Traditional Apple Recipes
Apple Sauce

Pork was one of the main meats eaten in our house while I grew up. We ate it with mustard and occasionally tomato ketchup, but never with apple sauce. Tart apples, stewed until they collapsed into a fragrant, tasty semi-puree were reserved for dessert.  Or, at the very least, served alongside thick, crisp potato cakes.

It was only when I came to live in England that I was introduced to a taste the English have cultivated for centuries. Roast pork, all tender meat with its shell of crisp salty crackling, scales new heights when served with apple sauce.

And that's not the end of that sauce's versatility.  It's equally delectable in hot cheese sandwiches or with cold, boiled bacon. And with a bit of chilli added it has - on occasion - doubled up as a chutney substitute.

Don't restrict yourself to just apples when making this sauce. Yes, it's great on it's own. But I love to experiment with even the most traditional of recipes and my favourite apple sauce recipe has three main ingredients: apples, onions and ginger. And the end result is something that's perfect for roast pork, and even better with sausages, sizzling hot from the pan.

Apple Sauce © margouillatphotos | Getty Images canva.comApple Sauce © margouillatphotos | Getty Images


This sauce is not something I ever make in carefully measured quantities.  When I run out I make a new batch, using just what I have in the house. This makes (roughly) four jars of sauce:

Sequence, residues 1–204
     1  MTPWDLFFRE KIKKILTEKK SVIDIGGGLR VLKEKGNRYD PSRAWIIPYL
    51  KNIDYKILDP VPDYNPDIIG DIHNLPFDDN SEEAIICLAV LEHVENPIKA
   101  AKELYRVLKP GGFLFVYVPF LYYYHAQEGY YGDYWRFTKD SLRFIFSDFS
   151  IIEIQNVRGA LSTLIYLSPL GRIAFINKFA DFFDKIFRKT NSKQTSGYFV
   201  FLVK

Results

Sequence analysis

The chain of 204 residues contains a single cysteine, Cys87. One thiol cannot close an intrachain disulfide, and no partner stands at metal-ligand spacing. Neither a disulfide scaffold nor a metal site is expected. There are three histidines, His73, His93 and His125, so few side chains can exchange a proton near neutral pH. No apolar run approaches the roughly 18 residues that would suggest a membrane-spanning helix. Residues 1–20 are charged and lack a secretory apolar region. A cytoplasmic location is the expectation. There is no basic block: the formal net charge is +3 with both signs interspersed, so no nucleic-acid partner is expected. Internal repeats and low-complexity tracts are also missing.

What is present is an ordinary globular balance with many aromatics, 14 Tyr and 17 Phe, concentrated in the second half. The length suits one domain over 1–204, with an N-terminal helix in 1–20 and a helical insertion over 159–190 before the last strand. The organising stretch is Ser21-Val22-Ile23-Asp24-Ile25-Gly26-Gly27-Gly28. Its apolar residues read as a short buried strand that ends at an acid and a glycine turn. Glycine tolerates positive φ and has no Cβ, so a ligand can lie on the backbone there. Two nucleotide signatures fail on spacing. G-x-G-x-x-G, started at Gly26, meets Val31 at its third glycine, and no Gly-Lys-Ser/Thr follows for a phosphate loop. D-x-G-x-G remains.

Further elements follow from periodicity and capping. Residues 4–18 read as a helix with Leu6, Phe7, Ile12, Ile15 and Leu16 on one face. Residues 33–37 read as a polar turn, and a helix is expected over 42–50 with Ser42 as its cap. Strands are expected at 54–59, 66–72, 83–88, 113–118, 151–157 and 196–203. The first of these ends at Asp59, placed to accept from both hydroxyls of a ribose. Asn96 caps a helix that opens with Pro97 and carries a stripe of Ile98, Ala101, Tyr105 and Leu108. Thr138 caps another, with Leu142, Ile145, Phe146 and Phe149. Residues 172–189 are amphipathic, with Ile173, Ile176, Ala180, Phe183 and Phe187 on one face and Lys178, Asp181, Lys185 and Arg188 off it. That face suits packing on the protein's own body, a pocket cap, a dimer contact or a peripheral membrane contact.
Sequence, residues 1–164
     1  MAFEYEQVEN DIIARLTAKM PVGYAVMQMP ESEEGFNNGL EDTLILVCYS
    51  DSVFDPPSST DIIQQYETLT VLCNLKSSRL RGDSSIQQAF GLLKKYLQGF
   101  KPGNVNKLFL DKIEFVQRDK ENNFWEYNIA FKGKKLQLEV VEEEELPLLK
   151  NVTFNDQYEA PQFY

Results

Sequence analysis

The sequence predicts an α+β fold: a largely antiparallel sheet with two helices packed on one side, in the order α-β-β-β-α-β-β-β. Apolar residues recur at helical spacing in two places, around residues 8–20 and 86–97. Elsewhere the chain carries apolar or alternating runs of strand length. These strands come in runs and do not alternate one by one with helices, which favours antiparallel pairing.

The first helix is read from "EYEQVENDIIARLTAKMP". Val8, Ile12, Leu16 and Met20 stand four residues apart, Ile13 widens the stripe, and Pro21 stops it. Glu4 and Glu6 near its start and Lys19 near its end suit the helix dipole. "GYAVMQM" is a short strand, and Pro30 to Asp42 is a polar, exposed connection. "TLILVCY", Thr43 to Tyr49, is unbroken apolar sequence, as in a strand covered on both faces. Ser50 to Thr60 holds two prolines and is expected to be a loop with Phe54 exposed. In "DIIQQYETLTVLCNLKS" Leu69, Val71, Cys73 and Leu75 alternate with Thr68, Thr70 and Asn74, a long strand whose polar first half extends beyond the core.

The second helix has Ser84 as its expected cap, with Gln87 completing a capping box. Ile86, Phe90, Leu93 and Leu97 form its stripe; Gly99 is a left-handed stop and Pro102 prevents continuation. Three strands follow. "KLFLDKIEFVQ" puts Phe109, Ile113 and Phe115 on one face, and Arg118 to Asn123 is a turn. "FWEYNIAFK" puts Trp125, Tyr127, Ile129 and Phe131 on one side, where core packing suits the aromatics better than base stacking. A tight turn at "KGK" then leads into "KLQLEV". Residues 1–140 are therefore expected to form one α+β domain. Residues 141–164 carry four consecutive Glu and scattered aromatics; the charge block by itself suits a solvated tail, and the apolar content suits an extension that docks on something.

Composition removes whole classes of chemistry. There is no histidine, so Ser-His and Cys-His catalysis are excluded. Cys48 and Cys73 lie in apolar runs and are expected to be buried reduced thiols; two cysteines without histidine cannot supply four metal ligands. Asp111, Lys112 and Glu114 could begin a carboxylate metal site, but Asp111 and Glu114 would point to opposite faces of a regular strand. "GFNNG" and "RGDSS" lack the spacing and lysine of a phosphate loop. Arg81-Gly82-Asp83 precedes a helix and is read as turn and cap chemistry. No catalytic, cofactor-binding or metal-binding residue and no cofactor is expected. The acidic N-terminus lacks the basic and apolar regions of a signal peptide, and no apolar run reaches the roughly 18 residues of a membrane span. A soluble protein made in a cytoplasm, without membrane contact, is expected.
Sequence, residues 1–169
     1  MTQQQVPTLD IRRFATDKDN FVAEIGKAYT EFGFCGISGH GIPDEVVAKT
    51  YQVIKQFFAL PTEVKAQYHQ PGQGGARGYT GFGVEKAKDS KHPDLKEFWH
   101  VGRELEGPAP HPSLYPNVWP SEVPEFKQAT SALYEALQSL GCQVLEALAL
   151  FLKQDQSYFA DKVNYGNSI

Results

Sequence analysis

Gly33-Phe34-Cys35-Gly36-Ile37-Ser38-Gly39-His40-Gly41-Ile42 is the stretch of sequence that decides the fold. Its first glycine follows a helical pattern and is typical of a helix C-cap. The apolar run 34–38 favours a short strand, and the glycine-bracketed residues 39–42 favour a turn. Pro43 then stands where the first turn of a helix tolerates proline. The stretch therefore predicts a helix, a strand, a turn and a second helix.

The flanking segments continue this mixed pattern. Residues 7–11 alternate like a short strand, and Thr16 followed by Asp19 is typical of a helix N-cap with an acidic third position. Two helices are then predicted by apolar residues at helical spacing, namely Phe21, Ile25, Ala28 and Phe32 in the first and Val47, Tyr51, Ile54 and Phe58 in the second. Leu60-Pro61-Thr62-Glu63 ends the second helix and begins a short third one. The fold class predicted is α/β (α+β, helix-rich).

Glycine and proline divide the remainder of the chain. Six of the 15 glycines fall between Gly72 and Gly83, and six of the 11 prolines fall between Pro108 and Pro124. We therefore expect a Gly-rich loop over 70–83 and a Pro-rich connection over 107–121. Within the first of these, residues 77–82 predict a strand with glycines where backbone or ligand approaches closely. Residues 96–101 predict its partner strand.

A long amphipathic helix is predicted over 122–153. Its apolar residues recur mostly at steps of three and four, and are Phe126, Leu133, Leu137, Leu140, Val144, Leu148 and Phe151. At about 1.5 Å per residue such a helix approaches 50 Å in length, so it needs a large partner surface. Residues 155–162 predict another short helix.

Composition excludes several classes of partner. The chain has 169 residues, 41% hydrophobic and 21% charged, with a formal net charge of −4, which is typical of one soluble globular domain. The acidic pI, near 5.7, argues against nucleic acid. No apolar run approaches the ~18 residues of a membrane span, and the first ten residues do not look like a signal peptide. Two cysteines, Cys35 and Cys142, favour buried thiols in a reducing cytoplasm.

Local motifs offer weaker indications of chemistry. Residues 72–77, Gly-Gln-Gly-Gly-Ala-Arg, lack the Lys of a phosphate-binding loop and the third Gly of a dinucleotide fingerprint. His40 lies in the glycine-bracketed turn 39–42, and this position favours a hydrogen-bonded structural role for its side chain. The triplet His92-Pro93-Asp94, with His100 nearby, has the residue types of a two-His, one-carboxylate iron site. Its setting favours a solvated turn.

• 1lb / 450g cooking apples
  • 1/2lb / 225g red onions
  • 1oz / 25g butter
  • 1in / 2.5cm ginger
  • 2oz / 50g sugar
  • 1 teaspoon salt (or to taste)
  • 1.5 fl oz / 50ml vinegar (red wine, cider or cider balsamic)
  • pinch of dried chilli (optional)

To my mind and taste buds, there are a couple of rules here.

  1. This is a recipe where I would insist on using cooking apples.  Dessert apples won't work, they don't collapse as the Bramleys do when cooked.
  2. Red onions give the finished sauce a nicer colour.  That's the only reason I use them instead of white.  It does not change the taste, so use what you prefer or have to hand.
  3. I used to use red wine vinegar or just cider when making this sauce, but have recently been experimenting with cider vinegar and even cider balsamic.  Both come up with a rather tasty sauce, but especially when you use cider balsamic, the finished product will look much darker than the traditional finish you may have been used to. Also, cider balsamic and cider vinegar tend to have a stronger taste, so begin by using a little less and add more as you taste.

How to Make Apple Sauce

This could not be easier!  Peel and chop the onions and soften in the butter before adding the cored, peeled and chopped apples and the grated ginger.

Turn them over in the butter for a couple of minutes, then add the sugar, salt, chilli (if using) and the cider / vinegar.

Clap on the lid and cook on a low heat until the apples have collapsed. You should stir every now and then to make sure your sauce does not stick to the bottom of the pan.
When soft, use a hand blender or electric whisk to turn the mixture into a smooth sauce.  Fill into clean, sterilised jars and cover with waxed paper before putting on a lid.

Apple sauce keeps reasonably well - i.e. 2-3 months - but I'm quite sure it won't be around that long.

For more traditional apple recipes return to the recipes page.